The Government’s go-ahead for the St Patrick’s Day Festival in the face of the coronavirus crisis has been strongly criticised by leading doctors.
Taoiseach Leo Varadkar, backed by chief medical officer Dr Tony Holohan, said the extravaganza – which will attract thousands from overseas and bring crowds on the streets across the country – would go ahead at this stage.
He made his comments as another five people were diagnosed with the coronavirus in the Republic last night, bringing the total to 18.
However, the decision to allow the festival to go ahead was questioned by leading oncologist Dr John Crown, who said: “I think it should be cancelled.”
Coombe Hospital obstetrician Dr Carmen Regan warned: “We need the Government to take hard decisions. It should be postponed.”
Kingston Mills, an immunologist at Trinity College, added: “Any large gathering is a risk. It’s about nipping this in the bud.”
Meanwhile, in Cork University Hospital 60 staff are self-isolating for 14 days.
Staff were asked to self-isolate for the next 14 days as a precautionary measure.
Dr Holohan said last night the risk of getting the coronavirus in Ireland remains low and there has still only been one case of community transmission, which involved a male patient in Co Cork.
The new cases involve a healthcare worker in Cork who came into close contact with another person already confirmed as having the virus.
Three people tested positive after travelling abroad - two to northern Italy and another from a region which is not on an at-risk list.
A woman in the west of Ireland also picked up the virus after contact with another person who was already positive.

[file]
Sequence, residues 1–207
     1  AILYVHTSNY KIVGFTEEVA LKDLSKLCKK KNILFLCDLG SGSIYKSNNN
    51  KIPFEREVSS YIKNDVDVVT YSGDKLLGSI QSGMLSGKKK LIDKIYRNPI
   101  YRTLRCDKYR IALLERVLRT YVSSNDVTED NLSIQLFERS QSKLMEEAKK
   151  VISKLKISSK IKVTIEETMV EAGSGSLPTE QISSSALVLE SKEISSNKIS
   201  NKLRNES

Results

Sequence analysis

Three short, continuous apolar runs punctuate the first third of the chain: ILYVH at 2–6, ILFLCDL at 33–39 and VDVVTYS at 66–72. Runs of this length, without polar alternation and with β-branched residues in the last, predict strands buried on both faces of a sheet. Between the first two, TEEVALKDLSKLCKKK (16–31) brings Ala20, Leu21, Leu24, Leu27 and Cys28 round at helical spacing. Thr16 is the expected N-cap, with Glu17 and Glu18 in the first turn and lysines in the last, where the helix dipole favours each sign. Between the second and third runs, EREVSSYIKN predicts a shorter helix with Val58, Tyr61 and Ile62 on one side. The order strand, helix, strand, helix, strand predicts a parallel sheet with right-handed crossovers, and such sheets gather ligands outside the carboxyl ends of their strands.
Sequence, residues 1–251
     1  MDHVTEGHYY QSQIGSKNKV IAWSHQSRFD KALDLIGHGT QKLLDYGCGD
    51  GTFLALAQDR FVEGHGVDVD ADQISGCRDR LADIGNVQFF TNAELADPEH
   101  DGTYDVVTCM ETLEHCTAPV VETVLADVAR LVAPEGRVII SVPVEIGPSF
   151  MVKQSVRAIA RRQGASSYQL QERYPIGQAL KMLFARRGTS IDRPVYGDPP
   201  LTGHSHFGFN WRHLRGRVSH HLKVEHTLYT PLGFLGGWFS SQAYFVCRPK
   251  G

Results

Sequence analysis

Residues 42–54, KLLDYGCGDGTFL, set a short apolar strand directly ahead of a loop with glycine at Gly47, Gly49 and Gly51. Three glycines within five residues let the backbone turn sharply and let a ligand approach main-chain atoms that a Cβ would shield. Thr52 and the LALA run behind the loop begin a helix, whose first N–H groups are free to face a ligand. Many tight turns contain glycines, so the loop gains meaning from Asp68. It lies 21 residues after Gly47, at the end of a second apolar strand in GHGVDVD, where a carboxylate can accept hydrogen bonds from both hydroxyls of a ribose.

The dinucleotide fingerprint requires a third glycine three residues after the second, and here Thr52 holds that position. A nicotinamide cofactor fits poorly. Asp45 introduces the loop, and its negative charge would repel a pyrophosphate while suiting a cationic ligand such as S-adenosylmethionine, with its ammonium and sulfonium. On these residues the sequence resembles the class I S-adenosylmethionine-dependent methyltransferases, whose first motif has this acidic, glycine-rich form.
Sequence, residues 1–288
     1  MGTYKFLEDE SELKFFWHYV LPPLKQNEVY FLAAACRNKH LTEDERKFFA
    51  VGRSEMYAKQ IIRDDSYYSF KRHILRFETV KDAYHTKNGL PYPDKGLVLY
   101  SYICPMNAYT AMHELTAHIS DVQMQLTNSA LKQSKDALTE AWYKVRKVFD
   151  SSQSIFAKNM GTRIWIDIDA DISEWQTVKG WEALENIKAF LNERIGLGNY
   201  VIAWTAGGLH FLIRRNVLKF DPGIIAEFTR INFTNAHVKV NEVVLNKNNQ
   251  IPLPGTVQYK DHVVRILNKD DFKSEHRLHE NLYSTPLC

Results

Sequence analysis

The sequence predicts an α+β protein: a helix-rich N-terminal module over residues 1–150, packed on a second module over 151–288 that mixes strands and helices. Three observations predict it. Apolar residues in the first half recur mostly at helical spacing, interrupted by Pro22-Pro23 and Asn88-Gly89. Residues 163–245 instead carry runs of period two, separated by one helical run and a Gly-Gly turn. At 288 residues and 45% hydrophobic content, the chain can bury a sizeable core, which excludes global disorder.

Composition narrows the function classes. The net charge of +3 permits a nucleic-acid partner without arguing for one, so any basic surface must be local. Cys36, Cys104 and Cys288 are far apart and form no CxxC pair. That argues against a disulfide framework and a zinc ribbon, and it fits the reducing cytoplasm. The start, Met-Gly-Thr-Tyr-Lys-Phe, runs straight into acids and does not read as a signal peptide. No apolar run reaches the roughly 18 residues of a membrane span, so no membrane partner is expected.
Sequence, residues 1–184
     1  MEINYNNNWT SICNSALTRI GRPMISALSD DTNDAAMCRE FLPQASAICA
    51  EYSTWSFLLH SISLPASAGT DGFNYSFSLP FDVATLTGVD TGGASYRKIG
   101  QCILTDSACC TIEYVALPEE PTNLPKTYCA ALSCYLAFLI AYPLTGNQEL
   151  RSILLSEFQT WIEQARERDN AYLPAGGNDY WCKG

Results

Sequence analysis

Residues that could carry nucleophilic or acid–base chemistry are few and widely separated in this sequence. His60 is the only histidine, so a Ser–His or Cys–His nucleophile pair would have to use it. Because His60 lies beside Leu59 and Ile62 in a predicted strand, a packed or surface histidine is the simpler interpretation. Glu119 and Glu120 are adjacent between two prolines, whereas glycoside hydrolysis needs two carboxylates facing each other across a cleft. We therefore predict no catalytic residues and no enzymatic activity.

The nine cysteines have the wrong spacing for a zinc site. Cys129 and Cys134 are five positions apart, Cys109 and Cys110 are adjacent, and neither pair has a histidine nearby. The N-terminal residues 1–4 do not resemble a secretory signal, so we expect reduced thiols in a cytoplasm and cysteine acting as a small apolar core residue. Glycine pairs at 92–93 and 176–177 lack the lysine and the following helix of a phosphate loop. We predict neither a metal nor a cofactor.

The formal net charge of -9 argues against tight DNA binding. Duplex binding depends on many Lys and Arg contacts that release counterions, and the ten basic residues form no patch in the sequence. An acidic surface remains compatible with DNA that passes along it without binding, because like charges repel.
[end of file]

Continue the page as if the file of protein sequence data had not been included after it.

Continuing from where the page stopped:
People who feel unwell or have a weakened immune system and those who have returned from at-risk areas are advised not to attend large gatherings.
Mr Varadkar said yesterday it was "inevitable" that many people would contract the virus in the coming days, weeks and months but for the "vast majority" it would be a mild illness.
He said Ireland was still in the containment phase, and any actions taken would be "proportionate and be in line with medical and scientific advice".
Hospitals fearful that patients and staff may be exposed to the coronavirus are also restricting visitors.
The Mater Hospital, where a number of people who tested positive for coronavirus were admitted to the national isolation unit, said the only visitors who would be allowed on campus were those seeing patients in critical care, vulnerable young adults, psychiatric patients or those whose loved ones were receiving end of life care.
Hospitals in the mid-west are also restricting visitors and the University Hospital Limerick group announced the cancellation of elective surgeries and outpatient appointments across all six sites on Monday and Tuesday next week.
University Hospital Limerick is currently treating a GP, his wife and two children from Co Clare who tested positive for the virus earlier this week after returning from Italy .
Children are to be asked to stay away from visiting private nursing homes as part of a new restrictions. Nursing Homes Ireland said that no non-essential visiting, children or groups would be allowed. It said all visitors were asked to call ahead prior to attending.
However, Dr Holohan said this was premature and unwarranted at this stage.
He said it was planned that patients who test positive for the new coronavirus would no longer be admitted to hospital if they had mild symptoms and could recover at home.
This would relieve the pressure on hospitals, he added.
A patient with a mild dose of the virus will recover in about two weeks.
The HSE used a former Garda station in Co Clare yesterday as a pop-up facility to test people for the virus. People who were believed to have had contact with any person diagnosed with the virus were invited to attend the centre where National Ambulance Service staff took swabs and carried out a preliminary assessment.